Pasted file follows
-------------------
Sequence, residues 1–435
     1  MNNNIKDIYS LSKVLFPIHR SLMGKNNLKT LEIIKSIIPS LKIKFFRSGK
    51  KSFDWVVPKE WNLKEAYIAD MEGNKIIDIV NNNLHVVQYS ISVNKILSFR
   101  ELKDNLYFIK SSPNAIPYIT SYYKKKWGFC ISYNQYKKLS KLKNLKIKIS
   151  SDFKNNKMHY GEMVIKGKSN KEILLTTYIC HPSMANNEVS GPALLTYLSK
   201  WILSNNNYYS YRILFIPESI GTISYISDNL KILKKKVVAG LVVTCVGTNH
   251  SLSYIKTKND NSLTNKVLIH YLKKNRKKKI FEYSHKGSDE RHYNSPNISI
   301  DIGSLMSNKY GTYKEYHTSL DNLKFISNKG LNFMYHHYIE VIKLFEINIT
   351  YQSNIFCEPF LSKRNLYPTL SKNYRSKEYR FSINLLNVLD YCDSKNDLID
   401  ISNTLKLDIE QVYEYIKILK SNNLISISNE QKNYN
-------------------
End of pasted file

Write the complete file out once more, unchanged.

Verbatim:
Sequence, residues 1–435
     1  MNNNIKDIYS LSKVLFPIHR SLMGKNNLKT LEIIKSIIPS LKIKFFRSGK
    51  KSFDWVVPKE WNLKEAYIAD MEGNKIIDIV NNNLHVVQYS ISVNKILSFR
   101  ELKDNLYFIK SSPNAIPYIT SYYKKKWGFC ISYNQYKKLS KLKNLKIKIS
   151  SDFKNNKMHY GEMVIKGKSN KEILLTTYIC HPSMANNEVS GPALLTYLSK
   201  WILSNNNYYS YRILFIPESI GTISYISDNL KILKKKVVAG LVVTCVGTNH
   251  SLSYIKTKND NSLTNKVLIH YLKKNRKKKI FEYSHKGSDE RHYNSPNISI
   301  DIGSLMSNKY GTYKEYHTSL DNLKFISNKG LNFMYHHYIE VIKLFEINIT
   351  YQSNIFCEPF LSKRNLYPTL SKNYRSKEYR FSINLLNVLD YCDSKNDLID
   401  ISNTLKLDIE QVYEYIKILK SNNLISISNE QKNYN